In my reasons for not resigning I am talking about what is normally called “Full-time ministry” with a congregation; not quitting preaching in a free-lance context.

  1. I haven’t resigned because I work for God, not for man. We are co-workers (1 Corinthians 3:7-10). My Father is my “boss” and my rewarder.
  2. I haven’t resigned because I am privileged to handle God’s treasure—the Gospel—the only power that can save lost mankind (Romans 1:14-16). It is God’s dynamite.
  3. I haven’t resigned because I am following in the footsteps of the greatest Preacher who has ever preached—Jesus Christ (Mark 1:38). He never looked back. His faithful preaching took Him to a cross.
  4. I haven’t resigned because I know my task is to preach, not police. It is God who gives the increase (1 Corinthians 3:1-8). I know it is considered “foolishness” by many (1 Corinthians 1:21-23). It is wonderful to be a “fool for the Gospel’s sake.”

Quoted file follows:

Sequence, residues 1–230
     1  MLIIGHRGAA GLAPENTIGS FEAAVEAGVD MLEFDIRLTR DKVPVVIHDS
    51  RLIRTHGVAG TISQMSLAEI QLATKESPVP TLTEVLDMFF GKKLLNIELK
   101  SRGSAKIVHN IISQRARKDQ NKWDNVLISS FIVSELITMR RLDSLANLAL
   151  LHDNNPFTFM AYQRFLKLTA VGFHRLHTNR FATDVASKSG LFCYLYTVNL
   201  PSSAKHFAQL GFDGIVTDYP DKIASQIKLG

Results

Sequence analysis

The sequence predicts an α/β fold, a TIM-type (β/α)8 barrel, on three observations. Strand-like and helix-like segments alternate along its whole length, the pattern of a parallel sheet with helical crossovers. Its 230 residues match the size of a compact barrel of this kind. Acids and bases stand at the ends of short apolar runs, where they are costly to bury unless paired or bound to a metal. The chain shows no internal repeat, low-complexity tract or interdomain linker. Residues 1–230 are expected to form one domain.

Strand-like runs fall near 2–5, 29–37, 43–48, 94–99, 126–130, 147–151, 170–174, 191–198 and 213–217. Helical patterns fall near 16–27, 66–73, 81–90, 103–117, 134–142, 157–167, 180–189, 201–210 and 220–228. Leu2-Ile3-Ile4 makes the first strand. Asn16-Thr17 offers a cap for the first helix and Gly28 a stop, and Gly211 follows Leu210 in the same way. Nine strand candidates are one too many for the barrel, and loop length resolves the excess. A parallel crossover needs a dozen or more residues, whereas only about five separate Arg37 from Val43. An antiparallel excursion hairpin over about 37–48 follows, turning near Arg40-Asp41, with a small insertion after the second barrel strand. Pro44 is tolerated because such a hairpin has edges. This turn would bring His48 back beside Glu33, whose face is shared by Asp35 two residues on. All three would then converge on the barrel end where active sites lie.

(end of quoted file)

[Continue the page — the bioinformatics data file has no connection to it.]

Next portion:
5. I haven’t resigned because I am blessed to minister to, and with, the greatest people in the world—my brethren. It is a beautiful blessing (cf. Psalm 133).
  6. I haven’t resigned because I will not allow Satan to cause me to resign my commission as a soldier of Christ (2 Timothy 2:1-4). I must keep on fighting (2Timothy 4:6-8).
  7. I haven’t resigned because I must practice what I preach to others: “Be faithful unto death” (Revelation 2:10). It’s not over until it is over, when I have taken my last breath and preached my last sermon.
  8. I haven’t resigned because I have been given so much to use for the Lord (Luke 12:48). I daily thank God for allowing me to be in the ministry full-time.
  9. I haven’t resigned because I am called by the Gospel to preach the Gospel (2 Thessalonians 2:14; Matthew 28:18-20). I have an obligation to tell the starving where to find the Bread of
  10. I haven’t resigned because I may reach another soul, snatching it out of the fire (Jude 23). The burden of what happens to a lost souls (Mark 8:34-38; Luke 16:19-31).